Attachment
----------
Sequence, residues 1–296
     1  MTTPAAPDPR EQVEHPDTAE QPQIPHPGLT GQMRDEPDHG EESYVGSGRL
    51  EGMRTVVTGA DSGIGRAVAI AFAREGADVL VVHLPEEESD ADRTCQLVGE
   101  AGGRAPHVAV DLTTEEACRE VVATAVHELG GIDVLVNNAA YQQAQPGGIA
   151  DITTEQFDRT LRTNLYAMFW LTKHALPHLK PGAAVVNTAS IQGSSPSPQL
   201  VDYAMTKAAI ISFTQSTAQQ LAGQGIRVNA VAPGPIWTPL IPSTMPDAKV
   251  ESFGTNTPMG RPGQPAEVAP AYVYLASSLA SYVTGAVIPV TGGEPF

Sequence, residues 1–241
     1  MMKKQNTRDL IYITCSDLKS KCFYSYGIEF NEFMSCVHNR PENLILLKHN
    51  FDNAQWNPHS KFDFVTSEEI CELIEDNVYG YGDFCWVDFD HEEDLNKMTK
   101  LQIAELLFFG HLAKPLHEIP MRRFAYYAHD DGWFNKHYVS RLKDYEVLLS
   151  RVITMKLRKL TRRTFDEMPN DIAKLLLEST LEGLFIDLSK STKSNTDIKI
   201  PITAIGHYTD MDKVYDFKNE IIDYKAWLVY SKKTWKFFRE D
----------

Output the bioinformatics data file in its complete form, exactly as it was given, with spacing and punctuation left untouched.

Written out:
Sequence, residues 1–296
     1  MTTPAAPDPR EQVEHPDTAE QPQIPHPGLT GQMRDEPDHG EESYVGSGRL
    51  EGMRTVVTGA DSGIGRAVAI AFAREGADVL VVHLPEEESD ADRTCQLVGE
   101  AGGRAPHVAV DLTTEEACRE VVATAVHELG GIDVLVNNAA YQQAQPGGIA
   151  DITTEQFDRT LRTNLYAMFW LTKHALPHLK PGAAVVNTAS IQGSSPSPQL
   201  VDYAMTKAAI ISFTQSTAQQ LAGQGIRVNA VAPGPIWTPL IPSTMPDAKV
   251  ESFGTNTPMG RPGQPAEVAP AYVYLASSLA SYVTGAVIPV TGGEPF

Sequence, residues 1–241
     1  MMKKQNTRDL IYITCSDLKS KCFYSYGIEF NEFMSCVHNR PENLILLKHN
    51  FDNAQWNPHS KFDFVTSEEI CELIEDNVYG YGDFCWVDFD HEEDLNKMTK
   101  LQIAELLFFG HLAKPLHEIP MRRFAYYAHD DGWFNKHYVS RLKDYEVLLS
   151  RVITMKLRKL TRRTFDEMPN DIAKLLLEST LEGLFIDLSK STKSNTDIKI
   201  PITAIGHYTD MDKVYDFKNE IIDYKAWLVY SKKTWKFFRE D